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What is the property of the C# language that makes reflection possible? Is it something that all object oriented language can do or is it something that all interpreted language can do? Or something else...

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It's not a property of C#, per se, more of the .NET frameworks CLI/metadata. (After all, you can reflect on C# types from VB, F#, etc) – Damien_The_Unbeliever Jan 29 '14 at 9:36
up vote 9 down vote accepted

A compiler knows a lot about the program you write. It knows every class you programmed, the names of the methods, the arguments they take. Traditionally, compilers threw that extra info about your program away after they generated the executable code for your program.

Not a .NET compiler, it preserves that info. It is stored in the metadata of an assembly. An extra data structure in a .NET .exe or .dll file, beyond the generated code. With plumbing in the runtime support library to read that data structure at runtime, the System.Type class is instrumental.

That's not where it ends, you can also add arbitrary extra data to that metadata. Which is what an [attribute] is all about.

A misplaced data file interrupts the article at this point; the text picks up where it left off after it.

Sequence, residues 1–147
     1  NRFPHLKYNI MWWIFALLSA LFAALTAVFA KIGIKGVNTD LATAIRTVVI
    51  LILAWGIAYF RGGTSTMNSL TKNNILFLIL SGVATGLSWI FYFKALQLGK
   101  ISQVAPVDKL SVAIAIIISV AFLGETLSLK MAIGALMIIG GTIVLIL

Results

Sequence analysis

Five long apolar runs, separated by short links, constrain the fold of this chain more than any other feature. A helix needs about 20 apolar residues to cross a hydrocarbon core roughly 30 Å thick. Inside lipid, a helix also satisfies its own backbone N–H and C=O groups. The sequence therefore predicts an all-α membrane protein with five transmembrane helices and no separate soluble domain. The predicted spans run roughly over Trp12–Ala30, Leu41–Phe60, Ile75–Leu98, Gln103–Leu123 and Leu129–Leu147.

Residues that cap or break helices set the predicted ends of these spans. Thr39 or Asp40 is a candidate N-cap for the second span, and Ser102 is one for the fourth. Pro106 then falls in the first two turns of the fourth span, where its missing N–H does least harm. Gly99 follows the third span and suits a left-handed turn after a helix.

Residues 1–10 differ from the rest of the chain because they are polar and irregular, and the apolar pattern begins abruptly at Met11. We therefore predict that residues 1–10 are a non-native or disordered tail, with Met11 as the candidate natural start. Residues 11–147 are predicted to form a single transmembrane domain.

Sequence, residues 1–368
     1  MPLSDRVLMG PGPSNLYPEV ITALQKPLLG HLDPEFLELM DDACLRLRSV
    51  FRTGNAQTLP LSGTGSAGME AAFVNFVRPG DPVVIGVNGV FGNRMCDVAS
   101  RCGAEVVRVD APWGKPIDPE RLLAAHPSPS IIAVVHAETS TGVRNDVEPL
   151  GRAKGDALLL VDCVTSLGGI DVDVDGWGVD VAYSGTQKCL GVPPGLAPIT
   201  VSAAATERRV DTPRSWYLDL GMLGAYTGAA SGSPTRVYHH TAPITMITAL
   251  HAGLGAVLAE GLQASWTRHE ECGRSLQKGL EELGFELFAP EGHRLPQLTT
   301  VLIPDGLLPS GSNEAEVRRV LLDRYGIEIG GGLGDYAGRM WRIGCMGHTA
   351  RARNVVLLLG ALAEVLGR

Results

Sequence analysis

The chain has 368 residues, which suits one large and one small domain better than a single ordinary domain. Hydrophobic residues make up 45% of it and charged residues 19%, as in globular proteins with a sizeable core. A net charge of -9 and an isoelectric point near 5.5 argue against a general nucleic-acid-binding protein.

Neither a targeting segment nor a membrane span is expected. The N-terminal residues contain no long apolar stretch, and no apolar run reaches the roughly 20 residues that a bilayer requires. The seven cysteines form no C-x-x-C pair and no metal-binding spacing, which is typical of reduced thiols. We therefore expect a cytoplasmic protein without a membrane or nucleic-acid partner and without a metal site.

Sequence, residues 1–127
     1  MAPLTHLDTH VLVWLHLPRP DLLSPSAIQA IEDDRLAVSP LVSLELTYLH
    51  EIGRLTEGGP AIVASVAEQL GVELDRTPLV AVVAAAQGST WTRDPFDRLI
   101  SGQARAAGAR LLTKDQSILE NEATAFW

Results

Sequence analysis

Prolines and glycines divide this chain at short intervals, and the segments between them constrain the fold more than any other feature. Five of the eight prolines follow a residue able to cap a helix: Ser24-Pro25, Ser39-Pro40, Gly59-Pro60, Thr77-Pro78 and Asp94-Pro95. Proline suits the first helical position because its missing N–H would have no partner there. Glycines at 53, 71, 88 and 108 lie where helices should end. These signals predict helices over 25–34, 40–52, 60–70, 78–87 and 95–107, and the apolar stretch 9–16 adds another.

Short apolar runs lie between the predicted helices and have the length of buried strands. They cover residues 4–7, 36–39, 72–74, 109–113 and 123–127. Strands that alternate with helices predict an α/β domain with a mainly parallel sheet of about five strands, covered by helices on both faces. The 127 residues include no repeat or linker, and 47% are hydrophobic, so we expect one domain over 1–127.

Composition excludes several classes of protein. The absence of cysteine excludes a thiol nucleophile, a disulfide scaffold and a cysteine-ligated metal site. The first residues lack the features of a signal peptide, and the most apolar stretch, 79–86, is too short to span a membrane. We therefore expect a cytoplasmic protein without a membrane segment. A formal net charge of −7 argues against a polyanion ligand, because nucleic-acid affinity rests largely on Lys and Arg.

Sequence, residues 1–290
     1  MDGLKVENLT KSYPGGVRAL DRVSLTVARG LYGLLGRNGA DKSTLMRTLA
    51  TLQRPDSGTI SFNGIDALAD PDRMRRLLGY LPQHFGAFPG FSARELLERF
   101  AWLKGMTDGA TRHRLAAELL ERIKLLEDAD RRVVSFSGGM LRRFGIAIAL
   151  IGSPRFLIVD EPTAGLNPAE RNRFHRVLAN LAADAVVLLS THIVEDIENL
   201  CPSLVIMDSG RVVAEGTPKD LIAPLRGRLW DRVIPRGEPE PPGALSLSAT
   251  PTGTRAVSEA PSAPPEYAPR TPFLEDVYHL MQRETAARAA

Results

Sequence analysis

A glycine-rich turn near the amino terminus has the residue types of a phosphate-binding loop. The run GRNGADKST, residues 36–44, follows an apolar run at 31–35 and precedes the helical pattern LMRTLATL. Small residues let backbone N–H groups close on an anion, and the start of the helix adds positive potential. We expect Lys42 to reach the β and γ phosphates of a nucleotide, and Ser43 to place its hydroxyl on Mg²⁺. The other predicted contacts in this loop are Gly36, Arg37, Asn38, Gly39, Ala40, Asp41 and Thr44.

This enables all kinds of very interesting and useful features. Like dynamically altering the way code gets generated at runtime. Or dynamically creating objects without knowing their class names. Or converting the view of a type from its implementation to a useful other representation that's easier to handle. Which in turn enables features like serialization and design-time support. Reflection is the engine behind this, metadata is the source.

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Metadata of all types/methods in C# can be accessed by reflection. Usually you have to use BindingFlags to specify types of objects you need.

Example:

MethodInfo[] myArrayMethodInfo1 = myType.GetMethods(BindingFlags.NonPublic|BindingFlags.Instance|BindingFlags.DeclaredOnly);
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Reflection is the ability for a language to be his own meta language.

For example:

int i = 42;
System.Type type = i.GetType();
System.Console.WriteLine(type);

You can apply it to classes, objects and methods.

C# is a compiled language and the byte-code generated by the C# compiler is interpreted by the virtual machine. reflection is not tied to a specific paradigm it depends on how the language is designed.

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In a summary to what Hans Passant says,

every compiled C# program is encoded into a relational database—this is called metadata. With reflection we act upon the data in this special database.

what is reflection in C#, what are the benefit. How to use it to get benifit

read this too.

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